A small but highly noticeable tag, like the one here, proves how protected the iconography on Anatolian kelim was, how important that iconography was to the small scale societies who produced these kelim, and how important it was for them to reproduce that iconography exactly.
Weaving a complex patterned kelim prior to the mid-late Traditional period must have been a large undertaking and we believe the necessary ‘technology’ was not extant in many area of Anatolia.
This is a central fact overlooked by most authors and one RK wants to make clear to the readers of this series.
The collection of wool, its cleaning, carding, spinning and plying was the first step.
The dyeing many times more time consuming; the level of expertise required, from the collection of the dyestuff, to the preparation of the wool for dyeing, the dyeing process itself, and then the mordanting or fixing of the dye onto the wool even more time consuming and demanding an incredibly greater level of training, experience and expertise.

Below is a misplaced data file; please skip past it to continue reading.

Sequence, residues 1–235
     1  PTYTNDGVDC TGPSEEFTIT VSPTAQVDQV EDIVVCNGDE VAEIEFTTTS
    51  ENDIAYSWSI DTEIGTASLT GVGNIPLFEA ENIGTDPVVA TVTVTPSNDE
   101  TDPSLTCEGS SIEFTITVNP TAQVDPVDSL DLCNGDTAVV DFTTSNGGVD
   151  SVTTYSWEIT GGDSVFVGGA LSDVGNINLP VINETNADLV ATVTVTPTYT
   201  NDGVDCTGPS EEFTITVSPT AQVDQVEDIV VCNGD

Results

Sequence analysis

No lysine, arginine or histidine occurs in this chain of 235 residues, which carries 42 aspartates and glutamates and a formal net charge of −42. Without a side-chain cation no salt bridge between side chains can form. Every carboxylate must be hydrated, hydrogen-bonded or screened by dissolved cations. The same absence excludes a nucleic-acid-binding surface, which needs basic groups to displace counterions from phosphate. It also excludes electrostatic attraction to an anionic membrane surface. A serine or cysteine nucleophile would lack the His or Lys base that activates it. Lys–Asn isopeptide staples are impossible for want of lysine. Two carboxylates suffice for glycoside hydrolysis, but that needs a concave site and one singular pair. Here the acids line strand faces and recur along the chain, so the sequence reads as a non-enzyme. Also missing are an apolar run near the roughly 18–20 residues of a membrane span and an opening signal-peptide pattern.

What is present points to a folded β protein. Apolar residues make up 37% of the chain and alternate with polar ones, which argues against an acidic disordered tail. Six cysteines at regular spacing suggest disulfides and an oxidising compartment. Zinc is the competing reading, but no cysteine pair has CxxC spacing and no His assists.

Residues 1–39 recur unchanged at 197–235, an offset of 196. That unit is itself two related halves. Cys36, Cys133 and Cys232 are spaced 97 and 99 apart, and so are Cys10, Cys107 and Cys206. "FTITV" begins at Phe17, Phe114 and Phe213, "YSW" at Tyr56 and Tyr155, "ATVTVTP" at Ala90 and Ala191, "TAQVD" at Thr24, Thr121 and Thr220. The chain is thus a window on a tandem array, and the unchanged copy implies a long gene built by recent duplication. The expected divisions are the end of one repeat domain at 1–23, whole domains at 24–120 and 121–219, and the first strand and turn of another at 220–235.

The knowledge of the exact iconography was, perhaps, the greatest and most secretive part of the process.
Remember we are speaking of the earliest pieces, not of the later periods of weaving when the former icon became emblem/amulet and then eventually common, meaning-less, motif.
That’s not a typo, just RK’s way of saying the motif still had meaning, presumably both to the weaver and to the group, but that meaning was not nearly as significant as the icon and then amulet had been to their generations.
In the conclusions of this examination we will discuss this again but for now let’s finish demonstrating the tremendous longevity and power an archaic icon like the “S” possessed.
late Traditional period; Flatweaves/Flachgewebe: The Vakiflar Museum; Plate 50
This kelim is a late piece, everything about it demonstrates it is far down on the continuum, however, the retention of the tag the “S” icon exhibits is remarkable.
Again this is no accident or chance occurrence, rest assured, the weaver knew, and the culture she lived and worked within taught her otherwise it would not be present.
It is interesting to note the white ground stripes, though half as wide as those they bracket, are the most prominent element.
In our opinion because the icon they display was the most dominant and, yes, potent element the weaver knew needed to reproduced and accentuated.